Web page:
Picture the scene; you are a shareholder in a company.
Shareholders: A falling out?
You do not hold a directorship in the company and are not on good terms with your fellow shareholders. You believe that your shareholding is being prejudiced; decisions are taken that you disapprove of, you are always outvoted at general meetings and it appears that through creative accounting you are being denied your share of the company’s profits.
Unfortunately the above is an all too frequent truth, particularly in small businesses where the founding members have fallen out with each other.
The Companies Act 2006
Happily there is a legal solution for our unfortunate shareholder; they can bring a claim under sections 994-996 of the Companies Act 2006.
These claims are commonly known as minority shareholder claims, although in truth a true minority shareholding is not required; many such claims are brought by equal shareholders in companies run as quasi partnerships where one shareholder has been frozen out by the other.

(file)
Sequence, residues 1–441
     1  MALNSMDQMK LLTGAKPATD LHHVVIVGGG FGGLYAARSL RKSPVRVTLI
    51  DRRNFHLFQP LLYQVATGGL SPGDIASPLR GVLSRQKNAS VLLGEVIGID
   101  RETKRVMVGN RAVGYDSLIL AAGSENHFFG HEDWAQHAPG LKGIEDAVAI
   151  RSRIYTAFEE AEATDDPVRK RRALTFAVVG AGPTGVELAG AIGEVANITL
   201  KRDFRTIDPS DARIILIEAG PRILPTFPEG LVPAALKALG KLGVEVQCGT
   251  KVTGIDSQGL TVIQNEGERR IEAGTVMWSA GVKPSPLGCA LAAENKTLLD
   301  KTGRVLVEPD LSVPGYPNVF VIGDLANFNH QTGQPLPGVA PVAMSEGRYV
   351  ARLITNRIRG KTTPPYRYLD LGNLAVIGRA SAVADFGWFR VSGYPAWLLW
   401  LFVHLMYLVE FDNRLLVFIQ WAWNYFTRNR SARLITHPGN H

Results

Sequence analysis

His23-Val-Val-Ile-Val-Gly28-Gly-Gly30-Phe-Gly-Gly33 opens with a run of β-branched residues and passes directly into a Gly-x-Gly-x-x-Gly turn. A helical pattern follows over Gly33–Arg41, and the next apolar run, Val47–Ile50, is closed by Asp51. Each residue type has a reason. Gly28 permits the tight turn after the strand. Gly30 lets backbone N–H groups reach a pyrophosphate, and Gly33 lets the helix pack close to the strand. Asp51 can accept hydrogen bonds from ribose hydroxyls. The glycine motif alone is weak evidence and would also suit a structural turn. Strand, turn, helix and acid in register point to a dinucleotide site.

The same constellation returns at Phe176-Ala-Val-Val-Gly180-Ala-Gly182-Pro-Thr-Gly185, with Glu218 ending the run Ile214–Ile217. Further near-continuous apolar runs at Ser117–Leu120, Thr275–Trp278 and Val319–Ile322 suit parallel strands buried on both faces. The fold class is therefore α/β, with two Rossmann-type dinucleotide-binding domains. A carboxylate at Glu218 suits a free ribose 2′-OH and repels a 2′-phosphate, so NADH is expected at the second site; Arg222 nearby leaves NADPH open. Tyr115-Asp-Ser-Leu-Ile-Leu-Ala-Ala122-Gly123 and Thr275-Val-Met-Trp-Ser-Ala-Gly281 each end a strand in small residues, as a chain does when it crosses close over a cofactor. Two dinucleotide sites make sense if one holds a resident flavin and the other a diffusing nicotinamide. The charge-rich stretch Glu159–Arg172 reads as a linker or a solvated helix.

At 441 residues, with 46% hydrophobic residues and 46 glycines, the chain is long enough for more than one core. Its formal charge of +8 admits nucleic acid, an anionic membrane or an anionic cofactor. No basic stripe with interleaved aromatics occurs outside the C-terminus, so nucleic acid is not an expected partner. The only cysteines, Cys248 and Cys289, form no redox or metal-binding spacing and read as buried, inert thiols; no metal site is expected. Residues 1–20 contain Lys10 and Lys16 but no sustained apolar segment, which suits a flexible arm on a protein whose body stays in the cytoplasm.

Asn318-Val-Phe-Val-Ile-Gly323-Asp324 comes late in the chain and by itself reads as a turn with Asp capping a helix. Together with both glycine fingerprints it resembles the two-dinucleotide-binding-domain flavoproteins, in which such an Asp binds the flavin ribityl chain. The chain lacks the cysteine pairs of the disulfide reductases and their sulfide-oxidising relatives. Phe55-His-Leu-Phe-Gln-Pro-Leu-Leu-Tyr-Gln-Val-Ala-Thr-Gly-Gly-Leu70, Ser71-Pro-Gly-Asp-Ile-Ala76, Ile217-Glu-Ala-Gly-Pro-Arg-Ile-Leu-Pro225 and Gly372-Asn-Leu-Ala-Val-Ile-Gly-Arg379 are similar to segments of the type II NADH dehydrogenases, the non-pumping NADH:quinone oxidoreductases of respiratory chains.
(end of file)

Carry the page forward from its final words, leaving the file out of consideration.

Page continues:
Shareholder claims are personal actions, they are brought by one shareholder against another, and therefore the company most remain neutral in these disputes.
The purpose of the claim is to obtain a declaration of prejudice from the Court and appropriate relief. This relief will often take the form of an order for the sale of the prejudiced shareholding, an order that the shareholder may pursue a derivative claim, or where the Court considers it the most equitable approach, an order the company is wound up.
Get in touch
Are you a shareholder and feel that your shareholding has been prejudiced? Or are you subject to a shareholder prejudice claim? If so our experienced commercial solicitors in Leeds, Wakefield, Bradford, Manchester and London in 0113 299 4431.